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‘Trials reveal wide benefits of shared mobility’


27 October 2017
Philippe Crist: Shared mobility is making real impact in Helskini
Philippe Crist: Shared mobility is making real impact in Helskini


Replacing private car traffic with shared mobility services in urban areas can dramatically cut the number of cars needed, reduce CO2 emissions and free public land for uses other than parking.

This was the key finding of a report from the International Transport Forum at the Organisation for Economic Co-operation and Development (OECD). 

The report, which was presented at Smarter Travel LIVE! last week, examines how on-demand shared transport modes could change the face of mobility in Helsinki, Finland. Analysis based on simulation measured the impact of shared mobility solutions on accessibility, metro/rail ridership, required parking space, congestion and CO2 emissions.

Speaking at Smarter Travel LIVE!, the ITF’s Philippe Crist outlined how previous simulations using mobility data from Lisbon, Portugal have shown very similar results to the Helsinki project.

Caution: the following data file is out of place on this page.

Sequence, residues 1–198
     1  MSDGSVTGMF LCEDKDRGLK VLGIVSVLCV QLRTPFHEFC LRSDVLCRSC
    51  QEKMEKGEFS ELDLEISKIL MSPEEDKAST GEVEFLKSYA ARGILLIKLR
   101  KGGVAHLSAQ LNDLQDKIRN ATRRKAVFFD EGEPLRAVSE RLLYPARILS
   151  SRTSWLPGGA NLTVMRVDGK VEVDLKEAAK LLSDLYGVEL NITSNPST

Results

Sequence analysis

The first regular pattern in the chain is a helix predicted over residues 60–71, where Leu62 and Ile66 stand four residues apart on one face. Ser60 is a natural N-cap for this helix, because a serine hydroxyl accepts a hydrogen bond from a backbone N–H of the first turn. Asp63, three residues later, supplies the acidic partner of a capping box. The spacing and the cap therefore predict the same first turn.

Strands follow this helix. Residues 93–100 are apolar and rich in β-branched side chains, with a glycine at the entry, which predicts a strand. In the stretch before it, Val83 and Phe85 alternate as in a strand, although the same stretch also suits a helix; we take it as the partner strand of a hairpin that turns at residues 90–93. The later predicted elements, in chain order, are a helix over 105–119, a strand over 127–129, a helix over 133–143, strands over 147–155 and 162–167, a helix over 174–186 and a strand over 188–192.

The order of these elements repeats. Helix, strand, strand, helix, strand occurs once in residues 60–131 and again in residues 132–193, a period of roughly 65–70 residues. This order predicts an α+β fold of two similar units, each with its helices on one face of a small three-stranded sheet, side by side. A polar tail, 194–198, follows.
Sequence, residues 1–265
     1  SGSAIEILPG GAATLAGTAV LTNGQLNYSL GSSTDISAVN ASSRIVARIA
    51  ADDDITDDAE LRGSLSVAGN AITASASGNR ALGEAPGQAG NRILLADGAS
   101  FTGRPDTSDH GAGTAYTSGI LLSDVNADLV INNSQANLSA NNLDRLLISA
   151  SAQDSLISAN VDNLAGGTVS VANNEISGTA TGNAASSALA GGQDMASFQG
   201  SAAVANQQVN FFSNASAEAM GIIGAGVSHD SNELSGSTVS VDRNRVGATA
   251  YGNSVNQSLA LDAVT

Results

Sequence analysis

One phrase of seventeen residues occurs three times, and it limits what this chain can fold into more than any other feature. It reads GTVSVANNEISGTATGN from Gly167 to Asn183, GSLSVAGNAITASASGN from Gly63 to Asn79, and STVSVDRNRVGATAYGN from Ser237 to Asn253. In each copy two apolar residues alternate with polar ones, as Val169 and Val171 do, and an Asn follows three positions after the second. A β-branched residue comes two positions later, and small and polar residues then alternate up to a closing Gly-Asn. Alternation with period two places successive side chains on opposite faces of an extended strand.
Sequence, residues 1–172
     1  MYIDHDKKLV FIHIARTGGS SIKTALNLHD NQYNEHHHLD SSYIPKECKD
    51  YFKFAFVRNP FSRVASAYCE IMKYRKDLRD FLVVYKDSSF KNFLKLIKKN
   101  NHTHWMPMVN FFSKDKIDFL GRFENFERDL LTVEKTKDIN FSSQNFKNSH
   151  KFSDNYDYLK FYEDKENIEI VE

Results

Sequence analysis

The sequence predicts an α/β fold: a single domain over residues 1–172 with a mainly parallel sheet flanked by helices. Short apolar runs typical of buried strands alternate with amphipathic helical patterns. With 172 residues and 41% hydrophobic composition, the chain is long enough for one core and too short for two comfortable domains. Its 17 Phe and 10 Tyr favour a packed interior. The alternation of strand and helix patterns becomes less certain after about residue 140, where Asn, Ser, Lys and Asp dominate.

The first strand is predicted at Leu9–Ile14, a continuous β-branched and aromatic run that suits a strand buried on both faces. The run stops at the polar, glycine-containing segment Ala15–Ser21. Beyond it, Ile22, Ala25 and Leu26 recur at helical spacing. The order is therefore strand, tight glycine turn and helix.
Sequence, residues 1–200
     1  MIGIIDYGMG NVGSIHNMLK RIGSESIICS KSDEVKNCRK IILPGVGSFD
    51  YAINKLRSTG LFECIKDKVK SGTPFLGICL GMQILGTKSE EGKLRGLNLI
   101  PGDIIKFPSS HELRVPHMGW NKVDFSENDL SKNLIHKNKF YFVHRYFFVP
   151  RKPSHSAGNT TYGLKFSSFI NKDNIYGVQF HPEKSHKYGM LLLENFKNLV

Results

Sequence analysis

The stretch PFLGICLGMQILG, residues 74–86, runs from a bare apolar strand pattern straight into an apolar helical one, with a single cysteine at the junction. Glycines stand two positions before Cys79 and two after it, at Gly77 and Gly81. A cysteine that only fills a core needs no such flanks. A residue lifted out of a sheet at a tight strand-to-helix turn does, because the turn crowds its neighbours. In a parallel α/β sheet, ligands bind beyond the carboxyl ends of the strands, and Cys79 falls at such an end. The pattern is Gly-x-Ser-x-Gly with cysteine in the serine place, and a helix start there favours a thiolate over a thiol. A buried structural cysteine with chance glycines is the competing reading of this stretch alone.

The simulations showed how motorised road trips (private car, bus and taxi) were replaced by shared taxis to provide on-demand door-to-door service or street corner-to-street corner service, booked 30 minutes in advance, said Crist.

With these shared services, he said, all of today’s car journeys in Helsinki Metropolitan Area could be provided with just 4% of the current number of private vehicles. The best results in terms of reducing emissions and congestion are achieved when all private car trips are replaced with shared rides:

• CO2 emissions from cars would fall 34%;

• Congestion would be reduced by 37%;

• Much of public parking space could be used for other purposes.

Shared mobility also means fewer transfers, less waiting and shorter travel times compared with traditional public transport, said Crist. The improved quality of the service could attract car users who currently do not use public transport and foster a shift away from individual car travel.

The Helsinki study confirms that shared mobility services can be highly effective feeder services for high-capacity public transport services. As in the Lisbon case, scenarios providing first- and last-mile shared services showed that this could increase rail and metro ridership between 15% and 23%.

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